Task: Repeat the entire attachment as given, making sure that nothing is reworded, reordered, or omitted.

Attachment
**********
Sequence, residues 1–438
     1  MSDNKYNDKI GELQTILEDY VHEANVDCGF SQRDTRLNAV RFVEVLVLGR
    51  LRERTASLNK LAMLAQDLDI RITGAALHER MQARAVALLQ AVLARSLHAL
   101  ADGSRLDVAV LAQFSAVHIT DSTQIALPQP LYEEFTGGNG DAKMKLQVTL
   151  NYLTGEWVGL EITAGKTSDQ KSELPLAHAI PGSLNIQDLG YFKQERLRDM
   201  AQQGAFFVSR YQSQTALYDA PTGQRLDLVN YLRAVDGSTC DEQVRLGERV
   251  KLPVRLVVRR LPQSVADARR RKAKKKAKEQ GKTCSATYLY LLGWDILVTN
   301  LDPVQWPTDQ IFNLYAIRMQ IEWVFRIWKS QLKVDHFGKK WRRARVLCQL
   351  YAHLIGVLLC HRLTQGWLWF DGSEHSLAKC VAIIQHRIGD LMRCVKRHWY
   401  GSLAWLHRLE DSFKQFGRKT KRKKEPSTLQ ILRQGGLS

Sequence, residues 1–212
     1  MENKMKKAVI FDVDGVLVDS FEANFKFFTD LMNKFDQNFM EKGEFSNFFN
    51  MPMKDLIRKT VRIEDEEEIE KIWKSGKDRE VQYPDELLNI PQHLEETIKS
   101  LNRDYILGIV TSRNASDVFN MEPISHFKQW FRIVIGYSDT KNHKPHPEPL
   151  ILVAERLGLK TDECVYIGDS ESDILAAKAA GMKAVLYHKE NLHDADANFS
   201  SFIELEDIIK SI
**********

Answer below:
Sequence, residues 1–438
     1  MSDNKYNDKI GELQTILEDY VHEANVDCGF SQRDTRLNAV RFVEVLVLGR
    51  LRERTASLNK LAMLAQDLDI RITGAALHER MQARAVALLQ AVLARSLHAL
   101  ADGSRLDVAV LAQFSAVHIT DSTQIALPQP LYEEFTGGNG DAKMKLQVTL
   151  NYLTGEWVGL EITAGKTSDQ KSELPLAHAI PGSLNIQDLG YFKQERLRDM
   201  AQQGAFFVSR YQSQTALYDA PTGQRLDLVN YLRAVDGSTC DEQVRLGERV
   251  KLPVRLVVRR LPQSVADARR RKAKKKAKEQ GKTCSATYLY LLGWDILVTN
   301  LDPVQWPTDQ IFNLYAIRMQ IEWVFRIWKS QLKVDHFGKK WRRARVLCQL
   351  YAHLIGVLLC HRLTQGWLWF DGSEHSLAKC VAIIQHRIGD LMRCVKRHWY
   401  GSLAWLHRLE DSFKQFGRKT KRKKEPSTLQ ILRQGGLS

Sequence, residues 1–212
     1  MENKMKKAVI FDVDGVLVDS FEANFKFFTD LMNKFDQNFM EKGEFSNFFN
    51  MPMKDLIRKT VRIEDEEEIE KIWKSGKDRE VQYPDELLNI PQHLEETIKS
   101  LNRDYILGIV TSRNASDVFN MEPISHFKQW FRIVIGYSDT KNHKPHPEPL
   151  ILVAERLGLK TDECVYIGDS ESDILAAKAA GMKAVLYHKE NLHDADANFS
   201  SFIELEDIIK SI